Chapter One The Beautiful Skin Workout Today, money is no barrier to some people’s quest for great skin. They’re willing to pay thousands of dollars to ensure that it looks flawless. They want their skin tightened, taut, dewy, and fresh—courtesy either of the latest miracle cream or a quick trip to the doctor’s office. In many ways, they’re taken advantage of by a beauty industry that preys on these naked desires. Creamy skin doesn’t require a hundred different items specifically tailored for each separate inch of the face or an elaborate application ritual timed to the lunar cycle. All it takes is an educated consumer who’s faithful to The Beautiful Skin Workout and willing to adopt behaviors that are not just good for skin but contribute to overall health as well. Pretty simple, no? Guiding Force With my help, you’ll be able to sort through the advice you see on television and in print and discover what’s scientifically sound and what’s hype. I don’t know anyone who doesn’t want luminous, healthy skin, the kind that’s so soft and unblemished that others compliment it while they seethe with envy. You never hear a person say that she’d prefer to appear wrinkly, with cracked, parched heels and elbows andskin the texture of a gravel path. As much as fashions and tastes change over the years, there is one constant: Clear, smooth, radiant skin is always considered attractive. And this holds true whether you are most comfortable in a pair of Birkenstocks, drinking a mug of steaming herbal tea, or the type of shopper who preorders her seasonal wardrobe immediately after the fall and spring runway shows. I’ve treated both kinds and everyone in between. An enviable complexion and fantastic body skin, unlike a Chanel haute couture ball gown, are available to everyone and aren’t nearly as expensive. Vanity, Thy Name Is Not Woman My obsession with Creamy skin isn’t just a question of conceit. Incisions in healthy, well-hydrated skin heal faster than those made in alligatorlike tissue. When I see a potential face-lift patient with a leathery complexion, I know that her skin will take longer to recover from surgery. Even if you haven’t had surgery, you’ve likely noticed the difference skin quality can have on another grooming ritual—shaving. When your legs or face are dry and flaky, they usually become red and irritated after you go over them with a razor. Conversely, the only trace a blade leaves behind on skin that’s in good shape is a smooth, hairless area. Proper skin care even speeds the healing process for those who’ve undergone a rhinoplasty or a face-lift. I always put my patients on a postsurgery version of The Beautiful Skin Workout. Oftentimes they come back to me in two or three weeks and say that they’ve noticed the texture and tone of their skin improving. With this book, I intend to help you achieve the same radiant skin that even my most skeptical patients now see reflected each time they look in the mirror. Fact Versus Fiction You have to be able to differentiate the hot air from what has proven science supporting its promises. It may seem like a no-brainer now, but when I started out, I was one of the few in my field talking to my patients about skin care. It was hard for me to get them on a consistent, effective routine. They seemed to think that they could ignore their face and body for months, even years, then come to my office and have me solve all their problems at once with surgery. I would have to beg them to start tending to their skin before they scheduled time in the OR. Simultaneously, I was very frustrated by the number of ineffective products on the market and by the amount of money I saw men and women spending on pseudoscience-based creams that made their skin worse. I figured I’d combine my biochemistry background with my deep knowledge of skin to create my own line. It was the only way I could ensure that the same care and attention I gave patients in my office continued daily at home. Although the phrase “first do no harm” actually isn’t in the Hippocratic Oath that all new doctors swear to uphold, it’s still a guiding tenet by which most of us practice and minister to our patients. What that means for you is that I’m not going to suggest any products or treatments that haven’t been thoroughly tested and evaluated for safety and efficacy. The Beautiful Skin Workout is not about pushing the latest fads; it’s a long-tested program that delivers exactly what I say it will. My chemistry training ensures that I understand the formulation of ingredients and how one will interact with another. It doesn’t do any good to load your serum with all the latest and greatest technology has to offer if it turns out that combining two ingredients in one solution negates the effects of both. Mixed Messages Every day we’re bombarded with news on scientific and technological breakthroughs in the skin-care field. The list of powerful antiagers continually swells, with new ones being developed around-the-clock. It’s even hard for a doctor like myself to stay current. The rapid progress of research also ensures that magazines and Web sites have an ever-ready supply of recommendations for their readers. This deluge of information can lead to conflicting reports. For example, how do you know which skin-care serum to apply first—your antioxidant or your lightener—when one expert tells you to smooth them on at different times of the day, another suggests waiting fifteen minutes between each treatment layer you apply, and a third says that it doesn’t matter at all? The answer: One of the key elements of The Beautiful Skin Workout is learning to think about your skin and what it needs—not blindly following prescribed rules. But since you’re just beginning, I’ll give you the solution to the layering question. In this instance, it’s the antioxidant first, then the lightener, because the antioxidant helps the pigment reducer react faster. Thinking Top to Bottom, Inside and Out Achieving skin that could star in a beauty advertisement requires a twofold approach. Think about the way you treat your car. You wash and buff its exterior, but you also look under the hood, checking the oil regularly and making sure that the engine is running at its optimal level. This type of routine maintenance means that your automobile not only looks great as you’re passing others on the highway but also that you have the horsepower to muscle around those slow-moving trucks. And the chance of you needing to take your car into the shop for an unexpected, major overhaul is remote. You need to consider your skin in the same manner you do your automobile. Skin is composed of two layers: the epidermis (the part you see) and the dermis underneath with connective tissue linking the two. Collagen, elastin, and hyaluronic acid (essentially the three main components of youthful, firm tissue) are generated in the dermis. Everything from sun and pollution to a stressful day at the office can lead to the breakdown of these complexion factors. There are ways to build them back up, of course, but as with anything, it’s easier to prevent a problem than react to it after it’s happened. By guarding against the depletion of collagen, elastin, and hyaluronic acid, you won’t have as far to go to reach your dream skin. I’ll get into these safety measures in more depth in Chapters 2 and 3, but for now, remember—these three are the good guys. You want them around, like the party guests who bring you champagne and then stay to help you clean up after everyone else has gone home. Manufacturing Plant As the dermis cranks out new cells, it pushes the layers of existing cells higher and higher. These become the epidermis and, eventually, the stratum corneum, the uppermost layer of tissue, which—in healthy skin—sheds evenly and invisibly. Blood flow feeds the dermis, meaning that the foods you eat have a direct effect on the job the dermis is able to do in creating firm, plump, complexion-enhancing skin fibers. To return to the car analogy, you can put any kind of gas in your sedan and it will run, but you won’t have to worry about pings and knocks if you fill the tank with superpremium unleaded. By this point in your life, you know the kinds of foods you should be eating and the types you should stay away from. What you might not be aware of is that the foods you consume affect more than your waistline; they can also improve the appearance of your skin. Bottoms Up Drinking plenty of water is another skin-care basic. The standard recommendation is six to eight glasses a day. Water not only helps hydrate your skin from the inside, it also flushes out your system, pushing waste and other by-products through your body, sort of like sweeping off your porch. But drinking eight, or even eighteen, glasses of water daily isn’t enough to keep your skin moisturized and supple; lotion completes the equation. Hit the Bricks Regular exercise should become another of your priorities. Fitness experts recommend a minimum of thirty minutes of cardio three times a week and resistance training twice weekly in order to maintain general good health. Getting your blood going and working off some of your anxiety can’t help but improve your skin. By reducing your levels of cortisol, the stress hormone, you’ll free your body to focus on other tasks, like building your collagen fibers. Some people enjoy sweating profusely on the treadmill because they believe that’s how we rid our skin and internal systems of toxic materials. This isn’t true. Only your liver processes and excretes toxins; the skin has nothing to do with it. If pushing yourself to your physical limits makes you feel better, though, that will have a positive impact on your face and body. It’s All About You The epidermis doesn’t receive any nutrients from the body since there’s no blood flow there. Like a newborn baby who relies on his mother to feed and take care of him, the epidermis needs you to supply it with the ingredients that will allow it to grow and achieve its optimal potential. The better shape the epidermis is in, the easier it is to see the effects of blood flow to the dermis—the luminous, healthy glow so universally coveted that beauty companies have made millions on skin care and cosmetics that promise to deliver it. By brushing off loose layers of the stratum corneum, you ensure that whatever you rub into your skin afterward sinks in deeper. Exfoliation also tells the body to generate new, fresh, plump, and healthy skin cells in the dermis to replace what you’ve just taken away. You don’t need those old surface cells—they’re not adding any benefit—but their replacements make your skin more radiant and firm. Eyewitness Accounts When a researcher publishes a scientific study, her colleagues will often re-create her testing methodology. By getting the same outcome, they’re able to verify her results. I wouldn’t dream of suggesting The Beautiful Skin Workout to anyone unless I had data demonstrating the program’s success. Throughout the following chapters, you will read actual patient testimonies, in their own words, of their experiences following my prescription. These are an opportunity for an aha, that’s me moment. I hope that you’ll see yourself in at least one example and that it will help you understand your own situation. My patients’ routines included my skin-care products. Having put a lot of time and research into my line’s formulation, I believe it’s the most effective range available. However, you will be able to achieve improvements by following the tenets of The Beautiful Skin Workout. Once you learn which ingredients are important to a skin-care regimen and those causing harm, you’ll have the knowledge necessary to make better choices in the shopping aisles. Remain faithful to my guidelines, and I promise, in eight weeks, you’ll be looking at a fresher, more radiant you. Copyright © 2007 by Michelle Copeland, M.d., d.m.d. All rights reserved.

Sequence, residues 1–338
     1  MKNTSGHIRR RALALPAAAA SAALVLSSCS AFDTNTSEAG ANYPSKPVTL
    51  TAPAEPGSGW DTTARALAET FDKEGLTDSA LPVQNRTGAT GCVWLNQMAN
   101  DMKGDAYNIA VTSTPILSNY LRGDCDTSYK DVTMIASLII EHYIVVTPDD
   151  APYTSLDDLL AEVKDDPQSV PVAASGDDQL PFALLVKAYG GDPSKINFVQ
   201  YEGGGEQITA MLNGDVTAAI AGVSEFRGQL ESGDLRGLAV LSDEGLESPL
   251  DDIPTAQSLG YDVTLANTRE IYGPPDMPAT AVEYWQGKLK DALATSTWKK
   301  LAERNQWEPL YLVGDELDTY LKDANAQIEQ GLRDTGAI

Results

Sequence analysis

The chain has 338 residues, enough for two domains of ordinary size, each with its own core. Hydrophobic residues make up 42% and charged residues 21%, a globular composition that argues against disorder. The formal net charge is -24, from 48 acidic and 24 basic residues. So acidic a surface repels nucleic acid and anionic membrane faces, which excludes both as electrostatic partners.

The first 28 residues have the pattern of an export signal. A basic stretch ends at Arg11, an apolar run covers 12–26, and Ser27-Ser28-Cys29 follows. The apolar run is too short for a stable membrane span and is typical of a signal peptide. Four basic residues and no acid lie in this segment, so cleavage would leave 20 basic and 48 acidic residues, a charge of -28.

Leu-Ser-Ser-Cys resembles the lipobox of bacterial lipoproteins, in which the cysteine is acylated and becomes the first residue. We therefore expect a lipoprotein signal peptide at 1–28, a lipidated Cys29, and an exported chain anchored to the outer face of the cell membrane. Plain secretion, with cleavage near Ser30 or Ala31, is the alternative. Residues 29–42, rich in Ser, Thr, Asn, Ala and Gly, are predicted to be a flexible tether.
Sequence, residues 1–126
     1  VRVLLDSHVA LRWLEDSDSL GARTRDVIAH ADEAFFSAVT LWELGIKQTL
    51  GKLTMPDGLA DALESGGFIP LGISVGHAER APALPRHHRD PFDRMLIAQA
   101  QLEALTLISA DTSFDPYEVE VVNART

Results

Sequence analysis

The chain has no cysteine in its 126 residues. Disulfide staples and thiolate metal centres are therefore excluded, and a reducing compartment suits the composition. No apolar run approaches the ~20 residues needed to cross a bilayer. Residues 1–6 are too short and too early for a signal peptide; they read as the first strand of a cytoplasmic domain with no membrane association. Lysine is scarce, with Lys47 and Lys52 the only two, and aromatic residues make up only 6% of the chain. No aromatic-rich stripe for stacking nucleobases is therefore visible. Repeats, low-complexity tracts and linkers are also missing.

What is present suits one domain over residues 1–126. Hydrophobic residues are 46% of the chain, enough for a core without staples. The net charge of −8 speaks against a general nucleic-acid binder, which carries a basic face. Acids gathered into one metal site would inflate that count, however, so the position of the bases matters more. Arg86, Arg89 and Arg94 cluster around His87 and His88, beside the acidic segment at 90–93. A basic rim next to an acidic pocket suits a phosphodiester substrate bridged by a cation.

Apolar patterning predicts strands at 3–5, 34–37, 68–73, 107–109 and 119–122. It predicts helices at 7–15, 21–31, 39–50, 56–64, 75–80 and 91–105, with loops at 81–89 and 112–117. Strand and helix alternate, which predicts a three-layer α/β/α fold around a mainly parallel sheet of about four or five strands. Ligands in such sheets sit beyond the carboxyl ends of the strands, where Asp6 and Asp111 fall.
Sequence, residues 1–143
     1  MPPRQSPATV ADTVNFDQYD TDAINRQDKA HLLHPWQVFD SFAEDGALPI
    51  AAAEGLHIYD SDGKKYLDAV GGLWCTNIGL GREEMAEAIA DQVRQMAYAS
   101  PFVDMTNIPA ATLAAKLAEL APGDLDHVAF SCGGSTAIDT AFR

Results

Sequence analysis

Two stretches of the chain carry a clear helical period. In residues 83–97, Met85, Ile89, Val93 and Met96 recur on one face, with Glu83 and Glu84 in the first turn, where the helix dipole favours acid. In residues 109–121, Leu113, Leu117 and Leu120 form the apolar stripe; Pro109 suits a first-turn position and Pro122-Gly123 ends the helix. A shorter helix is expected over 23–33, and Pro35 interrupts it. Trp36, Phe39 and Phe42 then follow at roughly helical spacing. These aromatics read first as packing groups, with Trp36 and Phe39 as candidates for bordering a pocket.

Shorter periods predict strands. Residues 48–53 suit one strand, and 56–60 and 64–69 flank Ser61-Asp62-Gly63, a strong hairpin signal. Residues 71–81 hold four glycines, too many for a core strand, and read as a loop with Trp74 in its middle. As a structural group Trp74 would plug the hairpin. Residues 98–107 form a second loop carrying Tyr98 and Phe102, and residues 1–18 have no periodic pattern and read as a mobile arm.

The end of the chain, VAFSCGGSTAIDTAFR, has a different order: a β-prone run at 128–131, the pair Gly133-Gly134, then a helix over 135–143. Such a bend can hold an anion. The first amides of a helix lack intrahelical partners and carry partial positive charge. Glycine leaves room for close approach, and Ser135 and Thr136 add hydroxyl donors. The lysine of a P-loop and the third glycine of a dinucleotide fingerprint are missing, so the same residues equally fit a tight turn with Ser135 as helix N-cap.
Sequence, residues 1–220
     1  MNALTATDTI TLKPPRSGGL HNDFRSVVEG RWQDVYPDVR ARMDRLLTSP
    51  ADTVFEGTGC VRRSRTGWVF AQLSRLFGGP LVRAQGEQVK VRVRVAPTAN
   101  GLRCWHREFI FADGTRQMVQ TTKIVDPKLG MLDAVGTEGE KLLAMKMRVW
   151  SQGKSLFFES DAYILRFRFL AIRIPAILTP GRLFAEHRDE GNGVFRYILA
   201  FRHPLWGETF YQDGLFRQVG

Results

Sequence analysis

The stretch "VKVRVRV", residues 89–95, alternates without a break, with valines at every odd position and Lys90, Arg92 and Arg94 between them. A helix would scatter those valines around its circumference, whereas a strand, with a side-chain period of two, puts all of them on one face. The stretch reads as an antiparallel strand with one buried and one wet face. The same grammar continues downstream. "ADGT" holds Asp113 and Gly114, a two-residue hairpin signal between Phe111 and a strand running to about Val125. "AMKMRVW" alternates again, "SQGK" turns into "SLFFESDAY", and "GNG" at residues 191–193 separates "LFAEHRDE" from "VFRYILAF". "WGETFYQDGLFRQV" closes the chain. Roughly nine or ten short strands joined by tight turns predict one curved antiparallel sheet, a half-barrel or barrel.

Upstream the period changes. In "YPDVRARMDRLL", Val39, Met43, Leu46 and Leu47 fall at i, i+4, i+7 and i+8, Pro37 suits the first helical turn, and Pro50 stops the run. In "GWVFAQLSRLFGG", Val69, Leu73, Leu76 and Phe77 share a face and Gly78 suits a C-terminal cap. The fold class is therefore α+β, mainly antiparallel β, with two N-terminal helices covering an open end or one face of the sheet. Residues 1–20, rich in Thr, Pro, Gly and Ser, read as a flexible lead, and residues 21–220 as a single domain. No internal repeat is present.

Excerpted from The Beautiful Skin Workout by Copeland, Michelle Copyright © 2007 by Copeland, Michelle. Excerpted by permission.